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Patient Educ Couns. 2014 Jan;94(1):83-9. doi: 10.1016/j.pec.2013.09.005. Epub 2013 Sep 17.

Satisfaction with treatment decision-making and treatment regret among Latinas and non-Latina whites with DCIS.

Author information

1
Department of Medicine, University of California San Francisco, San Francisco, USA; Medical Effectiveness Research Center for Diverse Populations, University of California San Francisco, San Francisco, USA; Center for Aging in Diverse Communities, University of California San Francisco, San Francisco, USA.
2
Department of Medicine, University of California San Francisco, San Francisco, USA; Medical Effectiveness Research Center for Diverse Populations, University of California San Francisco, San Francisco, USA; Center for Aging in Diverse Communities, University of California San Francisco, San Francisco, USA; UCSF Helen Diller Family Comprehensive Cancer Center, University of California San Francisco, San Francisco, USA.
3
Department of Surgery, Duke University, Durham, USA.
4
Department of Medicine, University of California San Francisco, San Francisco, USA.
5
Department of Medicine, University of California San Francisco, San Francisco, USA; Medical Effectiveness Research Center for Diverse Populations, University of California San Francisco, San Francisco, USA; UCSF Helen Diller Family Comprehensive Cancer Center, University of California San Francisco, San Francisco, USA. Electronic address: leah.karliner@ucsf.edu.

Abstract

OBJECTIVE:

To examine differences in treatment decision-making participation, satisfaction, and regret among Latinas and non-Latina whites with DCIS.

METHODS:

Survey of Latina and non-Latina white women diagnosed with DCIS. We assessed women's preferences for involvement in decision-making, primary treatment decision maker, and participatory decision-making. We examined primary outcomes of satisfaction with treatment decision-making and treatment regret by ethnic-language group.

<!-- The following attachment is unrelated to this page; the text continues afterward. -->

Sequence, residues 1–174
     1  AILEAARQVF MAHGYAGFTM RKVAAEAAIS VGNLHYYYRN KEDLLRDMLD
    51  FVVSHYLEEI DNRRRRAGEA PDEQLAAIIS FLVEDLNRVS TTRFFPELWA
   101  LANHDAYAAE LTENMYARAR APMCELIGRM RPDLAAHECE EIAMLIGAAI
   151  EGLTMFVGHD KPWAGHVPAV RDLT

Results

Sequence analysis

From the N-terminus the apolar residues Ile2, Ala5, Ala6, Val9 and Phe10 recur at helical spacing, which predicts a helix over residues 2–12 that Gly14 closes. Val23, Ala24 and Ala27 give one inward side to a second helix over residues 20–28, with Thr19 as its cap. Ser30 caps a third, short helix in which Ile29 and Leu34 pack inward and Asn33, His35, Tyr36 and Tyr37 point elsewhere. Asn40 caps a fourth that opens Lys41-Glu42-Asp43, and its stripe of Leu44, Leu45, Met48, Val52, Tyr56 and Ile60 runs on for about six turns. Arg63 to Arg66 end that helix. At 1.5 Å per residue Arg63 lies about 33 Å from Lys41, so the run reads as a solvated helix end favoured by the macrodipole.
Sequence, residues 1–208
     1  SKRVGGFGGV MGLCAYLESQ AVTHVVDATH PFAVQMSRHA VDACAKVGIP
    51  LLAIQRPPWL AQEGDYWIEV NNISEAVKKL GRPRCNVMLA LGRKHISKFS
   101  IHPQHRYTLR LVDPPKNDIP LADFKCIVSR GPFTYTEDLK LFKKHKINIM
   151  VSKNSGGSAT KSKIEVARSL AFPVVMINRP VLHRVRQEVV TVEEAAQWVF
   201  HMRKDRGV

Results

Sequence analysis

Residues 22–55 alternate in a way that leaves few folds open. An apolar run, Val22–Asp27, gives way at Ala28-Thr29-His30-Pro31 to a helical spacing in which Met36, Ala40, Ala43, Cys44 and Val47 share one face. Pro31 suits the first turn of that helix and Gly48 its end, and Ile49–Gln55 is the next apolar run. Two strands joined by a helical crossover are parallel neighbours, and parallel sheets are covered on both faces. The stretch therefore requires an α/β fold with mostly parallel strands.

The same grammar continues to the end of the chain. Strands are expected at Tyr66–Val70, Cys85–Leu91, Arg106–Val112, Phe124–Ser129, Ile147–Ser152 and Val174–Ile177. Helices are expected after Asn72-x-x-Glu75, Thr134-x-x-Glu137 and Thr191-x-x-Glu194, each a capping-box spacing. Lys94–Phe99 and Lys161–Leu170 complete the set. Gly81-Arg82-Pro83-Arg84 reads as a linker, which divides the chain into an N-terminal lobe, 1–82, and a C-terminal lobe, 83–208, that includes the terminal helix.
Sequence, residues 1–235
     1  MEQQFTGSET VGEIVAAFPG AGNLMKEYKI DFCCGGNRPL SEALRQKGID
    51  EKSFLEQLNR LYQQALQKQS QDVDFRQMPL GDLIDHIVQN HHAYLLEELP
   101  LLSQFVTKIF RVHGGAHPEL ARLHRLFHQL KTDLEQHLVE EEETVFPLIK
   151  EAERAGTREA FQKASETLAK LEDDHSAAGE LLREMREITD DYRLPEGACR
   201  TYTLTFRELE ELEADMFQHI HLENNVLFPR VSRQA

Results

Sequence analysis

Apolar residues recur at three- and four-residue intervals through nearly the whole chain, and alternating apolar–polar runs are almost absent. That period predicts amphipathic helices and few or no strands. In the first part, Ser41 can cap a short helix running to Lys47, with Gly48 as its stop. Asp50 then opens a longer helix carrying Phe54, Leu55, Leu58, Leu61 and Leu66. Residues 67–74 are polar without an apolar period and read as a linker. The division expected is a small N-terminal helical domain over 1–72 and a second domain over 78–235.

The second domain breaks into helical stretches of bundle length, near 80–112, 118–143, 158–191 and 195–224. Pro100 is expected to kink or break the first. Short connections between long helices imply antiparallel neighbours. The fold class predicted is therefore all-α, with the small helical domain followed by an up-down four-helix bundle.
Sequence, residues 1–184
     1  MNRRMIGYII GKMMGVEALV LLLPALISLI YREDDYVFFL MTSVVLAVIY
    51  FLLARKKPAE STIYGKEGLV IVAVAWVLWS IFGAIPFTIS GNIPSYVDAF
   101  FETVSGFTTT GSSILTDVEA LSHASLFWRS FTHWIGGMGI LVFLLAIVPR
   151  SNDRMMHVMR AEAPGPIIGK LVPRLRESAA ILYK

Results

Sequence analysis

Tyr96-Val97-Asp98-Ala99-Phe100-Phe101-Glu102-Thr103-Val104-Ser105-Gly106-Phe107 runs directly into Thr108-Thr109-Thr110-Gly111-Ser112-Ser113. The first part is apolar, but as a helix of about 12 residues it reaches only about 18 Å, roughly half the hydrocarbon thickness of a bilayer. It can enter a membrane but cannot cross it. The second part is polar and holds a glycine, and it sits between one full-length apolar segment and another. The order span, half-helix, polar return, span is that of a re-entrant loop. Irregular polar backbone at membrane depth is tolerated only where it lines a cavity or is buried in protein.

RESULTS:

Among 745 participants (349 Latinas, 396 white) Spanish-speaking Latinas (SSL) had the highest mean preference for involvement in decision-making score and the lowest mean participatory decision-making score and were more likely to defer their final treatment decision to their physicians than English-speaking Latinas or whites (26%, 13%, 18%, p<0.05). SSLs reported lower satisfaction with treatment decision-making (OR 0.4; CI 95%, 0.2-0.8) and expressed more regret than whites (OR 6.2; CI 95%, 3.0-12.4). More participatory decision-making increased the odds of satisfaction (OR 1.5; CI 95%, 1.3-1.8) and decreased the odds of treatment regret (OR 0.8; CI 95%, 0.7-1.0), independent of ethnicity-language.

CONCLUSION:

Language barriers impede the establishment of decision-making partnerships between Latinas and their physicians, and result in less satisfaction with the decision-making process and more treatment regret.

PRACTICE IMPLICATIONS:

Use of professional interpreters may address communication-related disparities for these women.

KEYWORDS:

Decision-making; Doctor–patient communication; Ductal carcinoma in situ; Health disparities; Language barriers; Latina health

PMID:
24207116
PMCID:
PMC3918475
DOI:
10.1016/j.pec.2013.09.005
[Indexed for MEDLINE]
Free PMC Article

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